intraoperative blood salvage


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intraoperative blood salvage

Intraoperative autologous transfusion Transfusion medicine A procedure in which the blood shed or otherwise lost into an operative field is collected sterilely, washed, filtered and reinfused as a packed unit of RBCs; IAT is suited for 'bloody' heart–eg, aortic aneurysms or CABG or orthopedic surgery–eg, hip arthrodesis, ↓ Pt exposure to multiple donors and may be used with pre-deposit autologous donation, where packed red cells are collected from the Pt before surgery. See Surgical blood management. Cf Autologous transfusion.
McGraw-Hill Concise Dictionary of Modern Medicine. © 2002 by The McGraw-Hill Companies, Inc.
References in periodicals archive ?
Intraoperative blood salvage in abdominal simple total hysterectomy for uterine myoma.
Liver transplantation for hepatocellular carcinoma - is there a risk of recurrence caused by intraoperative blood salvage autotransfusion?
Preoperative autologous blood donation versus intraoperative blood salvage: intraindividual analyses and modeling of efficacy in 1103 patients.
Intraoperative blood salvage was developed in the 1970s and has been applied in orthopedic, cardiovascular and neurosurgery ever since [8].
The process of intraoperative blood salvage consists of three phases: blood collection (aspiration of blood from the surgical field), blood processing (centrifugation and washing with heparinized saline solution) and reinfusion.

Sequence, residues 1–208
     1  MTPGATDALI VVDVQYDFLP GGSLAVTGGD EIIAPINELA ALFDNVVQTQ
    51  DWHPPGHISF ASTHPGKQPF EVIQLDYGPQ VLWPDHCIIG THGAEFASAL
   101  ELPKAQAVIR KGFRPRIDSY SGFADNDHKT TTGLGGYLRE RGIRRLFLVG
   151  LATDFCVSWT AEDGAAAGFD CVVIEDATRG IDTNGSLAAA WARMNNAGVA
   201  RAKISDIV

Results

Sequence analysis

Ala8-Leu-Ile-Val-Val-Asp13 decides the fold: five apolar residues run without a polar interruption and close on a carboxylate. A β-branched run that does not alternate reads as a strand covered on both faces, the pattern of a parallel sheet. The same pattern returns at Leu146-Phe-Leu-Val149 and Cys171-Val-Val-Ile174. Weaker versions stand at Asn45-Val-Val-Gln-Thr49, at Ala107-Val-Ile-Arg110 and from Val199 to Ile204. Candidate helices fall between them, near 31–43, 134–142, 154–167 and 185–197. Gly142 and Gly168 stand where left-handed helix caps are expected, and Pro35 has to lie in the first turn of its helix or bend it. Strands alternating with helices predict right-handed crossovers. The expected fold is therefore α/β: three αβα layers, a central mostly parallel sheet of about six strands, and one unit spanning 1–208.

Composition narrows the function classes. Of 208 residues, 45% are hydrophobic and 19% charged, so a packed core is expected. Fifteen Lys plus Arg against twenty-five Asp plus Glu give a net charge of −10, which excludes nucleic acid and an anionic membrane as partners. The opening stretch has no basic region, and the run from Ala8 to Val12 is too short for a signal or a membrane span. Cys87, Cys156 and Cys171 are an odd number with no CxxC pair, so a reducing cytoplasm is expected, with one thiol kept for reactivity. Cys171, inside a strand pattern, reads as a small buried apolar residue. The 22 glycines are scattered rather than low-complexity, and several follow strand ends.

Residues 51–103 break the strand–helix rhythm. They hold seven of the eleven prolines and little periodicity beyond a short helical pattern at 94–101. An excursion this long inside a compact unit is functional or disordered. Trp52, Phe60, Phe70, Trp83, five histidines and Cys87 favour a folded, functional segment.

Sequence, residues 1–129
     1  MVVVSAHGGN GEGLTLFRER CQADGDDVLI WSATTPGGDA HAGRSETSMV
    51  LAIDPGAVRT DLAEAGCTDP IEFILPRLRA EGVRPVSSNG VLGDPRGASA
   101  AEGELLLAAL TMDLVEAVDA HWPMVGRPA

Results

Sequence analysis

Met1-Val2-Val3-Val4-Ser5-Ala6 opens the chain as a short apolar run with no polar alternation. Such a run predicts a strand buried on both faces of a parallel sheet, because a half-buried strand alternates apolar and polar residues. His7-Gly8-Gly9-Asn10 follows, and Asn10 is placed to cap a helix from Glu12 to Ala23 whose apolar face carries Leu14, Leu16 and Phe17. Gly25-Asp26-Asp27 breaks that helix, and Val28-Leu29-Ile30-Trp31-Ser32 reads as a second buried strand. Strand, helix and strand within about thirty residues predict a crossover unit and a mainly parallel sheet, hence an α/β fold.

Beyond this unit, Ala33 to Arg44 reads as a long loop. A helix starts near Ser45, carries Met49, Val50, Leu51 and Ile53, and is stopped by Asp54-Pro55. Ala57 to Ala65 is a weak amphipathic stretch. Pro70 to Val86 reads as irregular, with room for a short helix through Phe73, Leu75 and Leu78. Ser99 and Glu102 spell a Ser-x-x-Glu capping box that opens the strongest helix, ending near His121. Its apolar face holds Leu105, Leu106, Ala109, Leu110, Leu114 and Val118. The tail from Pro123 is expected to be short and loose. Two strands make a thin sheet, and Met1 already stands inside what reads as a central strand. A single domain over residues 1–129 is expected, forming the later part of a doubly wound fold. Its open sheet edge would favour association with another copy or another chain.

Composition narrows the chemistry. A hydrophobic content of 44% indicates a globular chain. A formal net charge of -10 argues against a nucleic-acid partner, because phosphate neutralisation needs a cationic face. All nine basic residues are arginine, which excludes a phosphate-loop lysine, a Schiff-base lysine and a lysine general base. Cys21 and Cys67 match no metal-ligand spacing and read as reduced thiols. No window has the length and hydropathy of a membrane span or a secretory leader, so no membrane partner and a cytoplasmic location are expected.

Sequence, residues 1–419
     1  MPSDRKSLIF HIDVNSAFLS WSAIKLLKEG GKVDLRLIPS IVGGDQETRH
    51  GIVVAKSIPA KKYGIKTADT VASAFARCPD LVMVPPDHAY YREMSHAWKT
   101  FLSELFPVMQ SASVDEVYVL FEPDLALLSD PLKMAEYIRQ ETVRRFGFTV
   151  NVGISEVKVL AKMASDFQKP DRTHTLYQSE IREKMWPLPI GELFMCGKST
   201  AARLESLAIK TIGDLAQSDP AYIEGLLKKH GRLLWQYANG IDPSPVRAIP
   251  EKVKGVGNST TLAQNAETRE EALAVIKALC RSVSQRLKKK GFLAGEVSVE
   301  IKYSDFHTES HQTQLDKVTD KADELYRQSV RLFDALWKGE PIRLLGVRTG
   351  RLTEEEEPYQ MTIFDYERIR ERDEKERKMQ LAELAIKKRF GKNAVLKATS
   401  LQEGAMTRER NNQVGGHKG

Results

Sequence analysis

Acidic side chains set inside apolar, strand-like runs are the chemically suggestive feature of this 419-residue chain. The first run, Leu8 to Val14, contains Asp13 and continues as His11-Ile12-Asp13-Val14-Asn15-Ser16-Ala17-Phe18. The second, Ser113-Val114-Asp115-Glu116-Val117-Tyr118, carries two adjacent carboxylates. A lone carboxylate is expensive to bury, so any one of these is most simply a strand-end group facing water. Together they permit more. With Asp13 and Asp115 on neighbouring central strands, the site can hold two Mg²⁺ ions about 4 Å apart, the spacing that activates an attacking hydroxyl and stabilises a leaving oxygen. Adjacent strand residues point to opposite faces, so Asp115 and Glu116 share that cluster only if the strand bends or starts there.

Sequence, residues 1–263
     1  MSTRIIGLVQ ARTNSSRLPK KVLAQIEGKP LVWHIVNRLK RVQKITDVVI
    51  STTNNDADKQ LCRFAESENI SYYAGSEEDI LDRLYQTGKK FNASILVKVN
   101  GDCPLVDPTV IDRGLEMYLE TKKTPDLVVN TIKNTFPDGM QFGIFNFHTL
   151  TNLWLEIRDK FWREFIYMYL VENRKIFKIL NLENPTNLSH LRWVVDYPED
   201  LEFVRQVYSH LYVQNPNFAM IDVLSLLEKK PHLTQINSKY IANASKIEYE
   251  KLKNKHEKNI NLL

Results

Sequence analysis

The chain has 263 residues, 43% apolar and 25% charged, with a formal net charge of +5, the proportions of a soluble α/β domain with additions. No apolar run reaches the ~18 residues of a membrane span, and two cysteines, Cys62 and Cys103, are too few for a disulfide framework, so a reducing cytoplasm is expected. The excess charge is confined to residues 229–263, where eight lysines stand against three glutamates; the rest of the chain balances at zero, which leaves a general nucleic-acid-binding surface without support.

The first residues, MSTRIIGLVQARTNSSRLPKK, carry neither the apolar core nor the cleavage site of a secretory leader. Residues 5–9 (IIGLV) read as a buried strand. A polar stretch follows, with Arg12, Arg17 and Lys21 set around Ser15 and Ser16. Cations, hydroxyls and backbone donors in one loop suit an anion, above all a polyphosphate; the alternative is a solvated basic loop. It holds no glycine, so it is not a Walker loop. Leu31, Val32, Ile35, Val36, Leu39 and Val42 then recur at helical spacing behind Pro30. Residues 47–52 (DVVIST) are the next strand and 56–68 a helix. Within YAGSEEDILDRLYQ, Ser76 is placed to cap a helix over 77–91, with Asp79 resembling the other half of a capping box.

While ClotGel is similar in appearance and efficacy to the leading hemostatic agent Floseal, it does not contain thrombin allowing for intraoperative blood salvage and minimal swelling.
The advantages of intraoperative blood salvage are technical simplicity, low cost and availability (Lemos & Healy 1996).
Intraoperative blood salvage is a valuable technique for reducing the need for autologous blood donation for elective surgery and for homologous blood in emergency surgery.
The panel says other safe alternatives, such as intraoperative blood salvage (collecting blood from a patient during an operation for subsequent use) and hemodilution (removing blood and substituting other fluids to keep blood volume up) are useful in selected cases, while some of the more innovative approaches, including artificial blood, remain experimental.
It also goes into serologic testing, record keeping, releasing unused blood, and intraoperative blood salvage.

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